Time to contact

We saw earlier that people moving through an environment (e.g., long-jumpers) seem to make use of information about the rate of expansion of an object's retinal image to predict the time to contact. The measure generally used is tau, which is the inverse of the rate of object expansion (Lee, 1980). There has been much research interest in trying to see whether the same is true when an object moves towards a more or less motionless observer.

Schiff and Detwiler (1979) obtained evidence that tau, rather than perceived distance or perceived velocity, is used to calculate time to contact. Adults were reasonably accurate at predicting when an object on a film would have hit them. Their accuracy was little affected by whether the object was filmed against a blank or a textured background, suggesting that information about the rate of expansion of the retinal image is sufficient to decide when an object will arrive.

Lee et al. (1983) studied the relevance of tau to performance in a situation in which participants had to jump up and punch balls dropped from various heights above them. The speed of a dropping ball increases over time, but the calculation of tau ignores such changes in velocity. It follows that the actual time to contact will be less than tau. The key finding was that the participants' leg and arm movements were determined more closely by tau than by the actual time to contact. However, tau was still useful, because its value predicts time to contact reasonably well in the last 250 milliseconds prior to contact.

Lee (1980) assumed that the rate of expansion of an object's retinal image is the crucial factor influencing judgements of time to contact. It would thus be valuable to manipulate the rate of expansion as directly as possible. Savelsbergh, Whiting, and Bootsma (1991) achieved this by requiring participants to catch a deflating ball that was swinging towards them on a pendulum. The rate of expansion of the retinal image is less for a deflating than for a non-deflating ball. Thus, on Lee's theory, participants should assume that the deflating ball would take longer to reach them than was actually the case. The peak grasp closure was 5 milliseconds later with the deflating ball, which is in line with prediction. Similar findings were reported by Savelsbergh et al. (1993).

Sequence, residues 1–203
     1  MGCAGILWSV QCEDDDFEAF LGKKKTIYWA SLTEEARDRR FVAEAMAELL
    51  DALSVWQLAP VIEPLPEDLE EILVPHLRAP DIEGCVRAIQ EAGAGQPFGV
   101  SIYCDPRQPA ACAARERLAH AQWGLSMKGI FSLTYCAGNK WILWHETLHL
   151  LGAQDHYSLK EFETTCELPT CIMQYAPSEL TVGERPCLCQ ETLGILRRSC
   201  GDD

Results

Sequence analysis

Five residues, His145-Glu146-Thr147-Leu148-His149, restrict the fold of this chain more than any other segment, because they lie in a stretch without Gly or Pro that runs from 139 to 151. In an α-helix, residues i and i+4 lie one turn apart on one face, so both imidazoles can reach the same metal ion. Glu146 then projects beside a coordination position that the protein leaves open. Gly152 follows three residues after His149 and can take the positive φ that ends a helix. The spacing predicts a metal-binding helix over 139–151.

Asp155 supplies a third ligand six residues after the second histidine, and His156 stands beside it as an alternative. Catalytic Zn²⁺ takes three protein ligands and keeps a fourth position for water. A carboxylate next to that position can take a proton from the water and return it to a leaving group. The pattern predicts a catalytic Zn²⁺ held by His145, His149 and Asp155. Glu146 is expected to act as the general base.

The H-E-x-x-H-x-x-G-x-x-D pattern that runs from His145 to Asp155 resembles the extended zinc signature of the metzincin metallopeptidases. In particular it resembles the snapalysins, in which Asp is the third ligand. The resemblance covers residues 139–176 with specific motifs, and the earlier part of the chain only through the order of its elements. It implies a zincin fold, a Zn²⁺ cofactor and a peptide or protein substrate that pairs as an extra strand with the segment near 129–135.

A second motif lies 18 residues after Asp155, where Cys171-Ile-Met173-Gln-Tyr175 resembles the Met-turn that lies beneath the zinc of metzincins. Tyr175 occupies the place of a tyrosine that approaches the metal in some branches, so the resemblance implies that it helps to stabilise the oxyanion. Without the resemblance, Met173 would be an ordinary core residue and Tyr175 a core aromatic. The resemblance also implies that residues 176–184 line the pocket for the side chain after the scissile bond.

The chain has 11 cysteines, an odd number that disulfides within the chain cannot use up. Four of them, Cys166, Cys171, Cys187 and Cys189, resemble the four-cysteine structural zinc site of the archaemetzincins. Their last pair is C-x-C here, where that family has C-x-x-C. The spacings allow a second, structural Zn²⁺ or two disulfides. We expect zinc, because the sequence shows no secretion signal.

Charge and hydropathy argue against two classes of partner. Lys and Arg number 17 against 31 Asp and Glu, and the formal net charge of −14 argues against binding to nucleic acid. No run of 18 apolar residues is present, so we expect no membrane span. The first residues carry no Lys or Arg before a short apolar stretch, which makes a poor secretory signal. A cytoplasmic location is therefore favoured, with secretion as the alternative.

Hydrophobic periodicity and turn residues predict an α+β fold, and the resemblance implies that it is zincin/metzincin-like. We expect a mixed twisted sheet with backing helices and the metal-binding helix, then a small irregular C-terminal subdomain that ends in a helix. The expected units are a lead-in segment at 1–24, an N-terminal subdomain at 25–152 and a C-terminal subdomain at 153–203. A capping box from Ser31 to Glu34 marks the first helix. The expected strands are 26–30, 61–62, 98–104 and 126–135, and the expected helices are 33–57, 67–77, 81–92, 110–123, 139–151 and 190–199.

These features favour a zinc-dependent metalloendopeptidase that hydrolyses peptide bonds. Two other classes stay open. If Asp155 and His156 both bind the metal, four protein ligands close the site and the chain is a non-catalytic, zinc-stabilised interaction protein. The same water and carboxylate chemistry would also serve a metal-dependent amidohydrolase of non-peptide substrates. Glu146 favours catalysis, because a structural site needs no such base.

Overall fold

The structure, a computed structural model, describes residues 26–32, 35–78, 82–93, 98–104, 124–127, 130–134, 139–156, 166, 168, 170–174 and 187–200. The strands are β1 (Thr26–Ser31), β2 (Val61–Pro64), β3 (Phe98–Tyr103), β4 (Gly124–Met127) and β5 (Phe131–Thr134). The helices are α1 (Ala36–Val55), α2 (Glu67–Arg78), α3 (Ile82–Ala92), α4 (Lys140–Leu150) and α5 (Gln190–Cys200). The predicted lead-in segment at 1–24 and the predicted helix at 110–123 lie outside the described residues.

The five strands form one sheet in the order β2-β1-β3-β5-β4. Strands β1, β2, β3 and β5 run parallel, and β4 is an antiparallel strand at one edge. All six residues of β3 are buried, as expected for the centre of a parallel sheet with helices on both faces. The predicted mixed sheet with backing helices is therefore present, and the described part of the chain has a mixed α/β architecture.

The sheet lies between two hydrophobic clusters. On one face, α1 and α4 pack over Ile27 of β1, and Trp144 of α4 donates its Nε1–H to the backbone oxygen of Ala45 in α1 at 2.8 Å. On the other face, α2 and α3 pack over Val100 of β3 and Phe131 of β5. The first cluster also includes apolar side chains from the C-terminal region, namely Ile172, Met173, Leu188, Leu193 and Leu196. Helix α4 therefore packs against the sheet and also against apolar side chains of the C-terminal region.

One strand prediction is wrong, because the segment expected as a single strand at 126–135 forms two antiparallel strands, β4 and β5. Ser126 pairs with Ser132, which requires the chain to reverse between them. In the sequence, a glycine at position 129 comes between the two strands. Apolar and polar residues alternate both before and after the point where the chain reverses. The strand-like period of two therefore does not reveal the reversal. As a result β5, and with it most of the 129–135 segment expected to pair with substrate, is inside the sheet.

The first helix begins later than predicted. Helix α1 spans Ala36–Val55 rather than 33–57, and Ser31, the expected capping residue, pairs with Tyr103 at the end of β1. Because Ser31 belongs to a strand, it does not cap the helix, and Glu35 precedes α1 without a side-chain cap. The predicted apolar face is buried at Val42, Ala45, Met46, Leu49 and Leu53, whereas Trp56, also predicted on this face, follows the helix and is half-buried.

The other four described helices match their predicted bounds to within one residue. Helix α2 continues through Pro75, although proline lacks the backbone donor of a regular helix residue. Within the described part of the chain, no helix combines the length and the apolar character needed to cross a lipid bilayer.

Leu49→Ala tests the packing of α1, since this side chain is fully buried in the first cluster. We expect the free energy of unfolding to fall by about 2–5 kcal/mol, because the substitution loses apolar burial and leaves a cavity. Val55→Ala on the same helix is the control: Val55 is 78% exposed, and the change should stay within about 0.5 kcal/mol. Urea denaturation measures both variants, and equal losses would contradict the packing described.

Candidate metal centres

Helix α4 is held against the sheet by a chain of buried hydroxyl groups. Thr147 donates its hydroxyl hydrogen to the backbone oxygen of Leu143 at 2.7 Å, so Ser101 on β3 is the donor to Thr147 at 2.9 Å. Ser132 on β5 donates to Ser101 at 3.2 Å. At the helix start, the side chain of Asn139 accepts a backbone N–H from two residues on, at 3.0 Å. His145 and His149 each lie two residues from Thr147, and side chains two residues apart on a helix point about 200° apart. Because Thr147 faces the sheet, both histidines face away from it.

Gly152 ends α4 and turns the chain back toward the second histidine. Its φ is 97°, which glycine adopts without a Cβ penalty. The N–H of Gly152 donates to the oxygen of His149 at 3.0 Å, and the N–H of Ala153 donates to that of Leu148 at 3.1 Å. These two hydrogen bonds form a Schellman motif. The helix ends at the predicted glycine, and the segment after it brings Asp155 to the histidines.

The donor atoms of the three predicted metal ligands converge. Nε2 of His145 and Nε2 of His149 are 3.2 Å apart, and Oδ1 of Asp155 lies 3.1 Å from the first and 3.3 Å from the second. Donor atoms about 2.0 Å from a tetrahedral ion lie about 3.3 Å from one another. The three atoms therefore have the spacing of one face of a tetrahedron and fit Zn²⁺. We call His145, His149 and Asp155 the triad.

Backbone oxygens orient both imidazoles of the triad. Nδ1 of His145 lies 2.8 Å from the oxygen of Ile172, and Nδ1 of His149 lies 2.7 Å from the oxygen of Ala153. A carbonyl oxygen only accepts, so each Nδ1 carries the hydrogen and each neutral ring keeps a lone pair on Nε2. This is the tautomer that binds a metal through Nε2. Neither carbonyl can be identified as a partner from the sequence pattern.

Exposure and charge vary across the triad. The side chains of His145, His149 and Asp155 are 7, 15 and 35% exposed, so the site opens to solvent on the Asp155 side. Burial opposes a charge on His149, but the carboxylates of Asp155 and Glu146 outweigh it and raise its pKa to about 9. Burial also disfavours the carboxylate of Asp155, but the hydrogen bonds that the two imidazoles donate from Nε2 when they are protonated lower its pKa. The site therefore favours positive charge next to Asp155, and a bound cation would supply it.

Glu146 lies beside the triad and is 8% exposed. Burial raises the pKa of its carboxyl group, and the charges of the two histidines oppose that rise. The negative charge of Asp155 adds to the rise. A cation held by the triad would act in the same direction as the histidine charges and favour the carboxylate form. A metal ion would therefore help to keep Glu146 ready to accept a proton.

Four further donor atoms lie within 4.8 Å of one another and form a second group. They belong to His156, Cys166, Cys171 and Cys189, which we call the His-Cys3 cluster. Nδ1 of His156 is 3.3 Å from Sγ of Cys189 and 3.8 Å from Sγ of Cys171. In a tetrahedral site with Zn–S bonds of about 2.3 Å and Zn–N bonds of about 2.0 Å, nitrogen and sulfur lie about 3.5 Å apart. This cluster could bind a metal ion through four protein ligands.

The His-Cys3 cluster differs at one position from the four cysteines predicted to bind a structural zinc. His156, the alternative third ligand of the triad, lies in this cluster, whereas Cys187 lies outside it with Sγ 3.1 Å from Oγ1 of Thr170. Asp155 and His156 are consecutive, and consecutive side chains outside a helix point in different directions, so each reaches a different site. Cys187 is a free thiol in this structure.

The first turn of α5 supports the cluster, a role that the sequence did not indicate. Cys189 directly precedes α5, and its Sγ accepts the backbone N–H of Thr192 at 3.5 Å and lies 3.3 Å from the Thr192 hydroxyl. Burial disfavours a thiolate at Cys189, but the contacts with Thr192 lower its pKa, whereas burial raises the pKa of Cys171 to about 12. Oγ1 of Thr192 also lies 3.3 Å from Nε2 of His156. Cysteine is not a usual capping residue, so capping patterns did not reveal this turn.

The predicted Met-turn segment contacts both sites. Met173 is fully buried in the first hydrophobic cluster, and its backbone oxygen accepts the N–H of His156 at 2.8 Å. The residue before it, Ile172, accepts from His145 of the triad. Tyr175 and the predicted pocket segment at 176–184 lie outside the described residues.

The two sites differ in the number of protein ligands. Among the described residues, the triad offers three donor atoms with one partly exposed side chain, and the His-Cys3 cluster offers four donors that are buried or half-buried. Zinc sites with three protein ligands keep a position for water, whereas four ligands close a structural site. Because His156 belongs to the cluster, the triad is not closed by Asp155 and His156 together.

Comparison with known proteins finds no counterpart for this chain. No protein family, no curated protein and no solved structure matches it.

The findings of Savelsbergh et al. (1991, 1993) have been regarded as the most convincing evidence that tau is used to calculate time to contact. However, Wann (1996) argued persuasively that this is not the case. Strict application of the tau hypothesis to the data of Savelsbergh et al. (1993) indicated that the peak grasp closure should have occurred about 230 milliseconds later to the deflating ball than to the non-deflating ball. In fact, the average difference was only about 30 milliseconds. As Wann (1996, p. 1043) concluded, "The results of Savelsbergh et al. point to it [tau] being only one component in a multiple-source evaluation process."

Tau provides a measure of the time to contact with the observer's eyes, and does not indicate accurately when an object will reach his or her outstretched hand. It would seem to follow that interception of a rolling ball would be more accurate if the ball were moving directly towards participants rather than off to one side. However, Tresilian (1994a) obtained precisely the opposite findings, suggesting that other factors (e.g., angular position and velocity of the ball relative to the participant) influence performance.


Tau is not the only source of information used by observers. For example, Peper et al. (1994) had participants judge whether a ball had passed within arm's reach. The judgements were usually accurate, except when the ball was larger or smaller than expected. In those circumstances, the observers systematically misjudged the distance between themselves and the ball. Thus, familiar size can influence judgements of object motion relevant to an individual observer.

Convincing evidence that tau is not the only variable used in catching a ball was obtained by Wann and Rushton (1995). They used a virtual reality setup, which allowed them to manipulate tau and binocular disparity separately. The participants' task was to grasp a moving virtual ball with their hand. Tau and binocular disparity were both used to determine the timing of the participants' grasping movements. Whichever variable predicted an earlier arrival of the ball had more influence on grasping behaviour.

Another problem was identified by Cumming (1994). He pointed out that the value of tau would be the same for two different objects provided that their size, distance, and approach velocity were all in a fixed

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